JRC-developed toxicology test set to reduce experimentation on fish
The Commission's Joint Research Centre (JRC) has helped to develop a new approach to testing the ecotoxicological effects of new chemical compounds which could significantly reduce the number of fish used in such experiments each year.
Under EU rules, the ecotoxicological effects (the harmful effects on plants and animals, populations or communities) of all new chemicals must be assessed. Currently, the burden for such testing is shared equally between algae, water fleas (daphnia) and fish, with the result that some 1.6 million fish are used in laboratory experiments each year in Europe.
Every new chemical compound in the EU is classified according to the concentration that reveals toxicity in the most sensitive of the three species. Believing that a substantial reduction in the number of fish being used in the laboratory was possible, JRC researchers assessed the test results of all new chemicals since 1981 and confirmed that fish are rarely more sensitive than algae and daphnia.
Working together with scientists from pharmaceutical company AstraZeneca in the UK, the Commission researchers then developed an alternative approach to ecotoxicological testing. Initial assessment is carried out using algae and daphnia, and fish are only used for testing at the lowest levels of concentration where toxic effects are observed in the other two species. If the fish survive at this concentration, no further testing is necessary.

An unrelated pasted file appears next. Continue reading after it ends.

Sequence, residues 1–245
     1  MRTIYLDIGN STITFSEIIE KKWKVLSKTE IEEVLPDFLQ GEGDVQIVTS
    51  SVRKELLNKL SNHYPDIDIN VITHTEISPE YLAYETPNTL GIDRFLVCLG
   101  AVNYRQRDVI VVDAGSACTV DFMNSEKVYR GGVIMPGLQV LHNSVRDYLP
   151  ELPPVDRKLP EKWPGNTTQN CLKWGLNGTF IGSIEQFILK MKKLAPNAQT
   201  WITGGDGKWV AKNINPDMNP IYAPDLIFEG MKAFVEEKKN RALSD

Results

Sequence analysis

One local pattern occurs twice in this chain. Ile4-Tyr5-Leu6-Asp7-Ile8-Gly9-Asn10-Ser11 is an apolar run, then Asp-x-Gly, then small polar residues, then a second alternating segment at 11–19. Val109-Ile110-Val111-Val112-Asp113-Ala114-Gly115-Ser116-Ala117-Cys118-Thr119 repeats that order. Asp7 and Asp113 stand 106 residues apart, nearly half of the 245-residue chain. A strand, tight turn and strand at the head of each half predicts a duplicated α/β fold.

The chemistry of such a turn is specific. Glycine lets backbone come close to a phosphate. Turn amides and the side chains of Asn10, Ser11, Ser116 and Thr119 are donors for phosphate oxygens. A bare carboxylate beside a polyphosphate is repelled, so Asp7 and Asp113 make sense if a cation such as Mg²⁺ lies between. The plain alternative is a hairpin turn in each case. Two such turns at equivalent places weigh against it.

Analysis of this method during the last 12 months has confirmed its effectiveness for all types of chemical compound, from consumer products to pesticides and drugs, and the Commission suggests that up to half of the fish currently being used for testing could be saved with its widespread introduction.
The new approach has already been validated by the scientific advisory committee of the EU Centre for the Validation of Alternative Methods (ECVAM), and steps are being taken to secure regulatory acceptance for the testing regime.
According to a statement from the European Commission: 'This represents a new and potentially significant contribution to reducing animal testing in Europe and is significant in the context of forthcoming EU-wide legislation on the testing of chemicals (REACH).'
Data Source Provider: European Commission
Document Reference: Based on IP/05/1203, available in the Commission's press room
Subject Index: Economic Aspects; Environmental Protection; Safety; Scientific Research